Sift flour and 1/3 cup/65 grams granulated sugar into a large bowl.
In the bowl of an electric mixer, combine egg whites, salt and cream of tartar and beat with the whisk attachment on medium-high speed until medium peaks form, about 3 minutes.
Gradually add in remaining 1 cup/200 grams granulated sugar, 1 tablespoon at a time, and beat until firm, glossy peaks form. Beat in confectioners’ sugar, lemon zest, vanilla and lemon extract.
Sift a quarter of the flour mixture over egg whites and use a rubber spatula to fold until barely combined. Repeat with remaining flour in 3 more additions.
Scrape into an ungreased 10-inch tube pan, smooth top, and bake until cake is springy and pulls away from the pan, 35 to 40 minutes. Transfer to a wire rack to cool.
Make the curd: In a small bowl, combine 1/4 cup/59 milliliters lemon juice and gelatin; set aside to bloom. In a large bowl, lightly beat eggs.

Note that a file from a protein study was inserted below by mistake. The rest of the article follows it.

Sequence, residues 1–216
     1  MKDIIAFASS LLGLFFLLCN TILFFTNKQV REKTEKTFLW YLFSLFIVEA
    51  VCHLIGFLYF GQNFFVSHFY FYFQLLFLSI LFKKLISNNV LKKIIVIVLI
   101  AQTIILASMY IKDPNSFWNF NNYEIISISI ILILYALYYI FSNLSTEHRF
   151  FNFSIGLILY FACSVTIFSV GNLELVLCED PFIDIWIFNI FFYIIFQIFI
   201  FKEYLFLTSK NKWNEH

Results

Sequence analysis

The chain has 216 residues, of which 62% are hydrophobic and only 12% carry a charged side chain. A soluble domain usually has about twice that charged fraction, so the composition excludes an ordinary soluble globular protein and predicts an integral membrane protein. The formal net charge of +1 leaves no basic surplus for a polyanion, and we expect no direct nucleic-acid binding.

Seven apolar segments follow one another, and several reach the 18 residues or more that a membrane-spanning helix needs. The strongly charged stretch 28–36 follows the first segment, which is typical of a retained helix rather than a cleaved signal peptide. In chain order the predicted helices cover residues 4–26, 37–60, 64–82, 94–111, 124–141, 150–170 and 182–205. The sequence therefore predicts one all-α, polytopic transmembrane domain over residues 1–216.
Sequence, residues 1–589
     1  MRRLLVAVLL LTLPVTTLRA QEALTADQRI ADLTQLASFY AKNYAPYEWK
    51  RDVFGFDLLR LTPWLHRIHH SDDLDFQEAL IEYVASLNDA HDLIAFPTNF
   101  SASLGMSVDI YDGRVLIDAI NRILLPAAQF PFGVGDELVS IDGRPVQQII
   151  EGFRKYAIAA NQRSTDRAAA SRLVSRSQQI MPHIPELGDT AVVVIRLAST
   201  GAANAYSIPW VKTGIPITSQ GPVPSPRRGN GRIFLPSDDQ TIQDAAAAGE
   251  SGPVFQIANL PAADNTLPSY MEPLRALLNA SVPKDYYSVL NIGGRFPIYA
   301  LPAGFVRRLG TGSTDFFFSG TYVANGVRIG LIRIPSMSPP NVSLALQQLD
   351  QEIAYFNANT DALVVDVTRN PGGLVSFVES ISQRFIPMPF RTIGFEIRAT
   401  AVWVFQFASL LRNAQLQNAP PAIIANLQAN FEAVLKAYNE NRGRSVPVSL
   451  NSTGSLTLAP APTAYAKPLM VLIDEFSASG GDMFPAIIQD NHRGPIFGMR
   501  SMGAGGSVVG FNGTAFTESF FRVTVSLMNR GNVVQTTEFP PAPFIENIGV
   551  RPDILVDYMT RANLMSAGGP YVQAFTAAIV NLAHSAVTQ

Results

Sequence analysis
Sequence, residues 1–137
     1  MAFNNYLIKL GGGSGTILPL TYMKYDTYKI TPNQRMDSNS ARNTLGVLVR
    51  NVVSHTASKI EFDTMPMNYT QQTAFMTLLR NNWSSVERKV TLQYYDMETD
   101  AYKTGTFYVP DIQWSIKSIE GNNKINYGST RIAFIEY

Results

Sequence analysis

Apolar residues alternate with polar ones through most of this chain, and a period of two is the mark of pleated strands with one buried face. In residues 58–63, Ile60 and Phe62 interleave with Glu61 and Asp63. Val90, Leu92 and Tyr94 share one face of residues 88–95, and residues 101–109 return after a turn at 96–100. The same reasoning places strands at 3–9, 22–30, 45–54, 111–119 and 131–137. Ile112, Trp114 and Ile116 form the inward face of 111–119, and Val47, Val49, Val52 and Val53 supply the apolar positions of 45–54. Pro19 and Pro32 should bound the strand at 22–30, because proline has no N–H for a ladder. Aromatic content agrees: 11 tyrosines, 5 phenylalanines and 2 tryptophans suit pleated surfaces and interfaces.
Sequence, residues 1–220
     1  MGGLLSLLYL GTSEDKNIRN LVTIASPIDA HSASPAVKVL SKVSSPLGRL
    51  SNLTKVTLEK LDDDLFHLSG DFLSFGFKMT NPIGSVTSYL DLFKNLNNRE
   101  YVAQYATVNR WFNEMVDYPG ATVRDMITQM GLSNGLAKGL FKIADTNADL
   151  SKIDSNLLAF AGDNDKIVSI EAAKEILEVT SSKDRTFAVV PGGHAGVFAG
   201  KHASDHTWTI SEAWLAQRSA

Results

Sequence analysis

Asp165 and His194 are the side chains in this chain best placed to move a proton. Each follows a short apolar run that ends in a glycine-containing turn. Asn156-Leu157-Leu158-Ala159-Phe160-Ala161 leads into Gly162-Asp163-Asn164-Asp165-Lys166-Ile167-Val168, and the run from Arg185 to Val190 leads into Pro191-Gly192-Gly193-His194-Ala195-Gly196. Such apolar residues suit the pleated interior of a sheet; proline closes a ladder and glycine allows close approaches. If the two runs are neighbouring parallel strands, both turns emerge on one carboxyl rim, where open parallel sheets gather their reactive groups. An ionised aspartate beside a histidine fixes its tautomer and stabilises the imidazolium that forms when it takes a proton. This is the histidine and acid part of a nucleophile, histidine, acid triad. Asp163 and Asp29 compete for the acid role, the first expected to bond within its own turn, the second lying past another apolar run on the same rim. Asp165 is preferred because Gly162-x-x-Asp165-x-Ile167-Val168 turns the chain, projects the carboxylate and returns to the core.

In a medium bowl, combine granulated sugar, butter, remaining 1/4 cup/59 milliliters fresh lemon juice, the preserved lemon juice, the zest and the salt. Place bowl over a pot of simmering water until warm. Remove from the heat, then pour over the eggs in a thin stream, constantly whisking. Place bowl with the egg and lemon mixture over the simmering water pot and cook, stirring constantly, to 175 degrees, about 5 minutes.
Remove from heat, stir in gelatin mixture and immediately pour through a fine strainer into a wide bowl set over ice bath, stirring until mixture is cool. Chill for 1 hour.
Whip the cream until soft peaks form. Fold into the lemon curd and chill for another hour, until cold.
To serve, unmold the cake. Using a serrated knife, halve the cake crosswise to create 2 layers. Dollop on some of the lemon cream to cover. Top with the cake and dollop on more lemon cream. (Remaining lemon curd will last up to a week in the refrigerator.)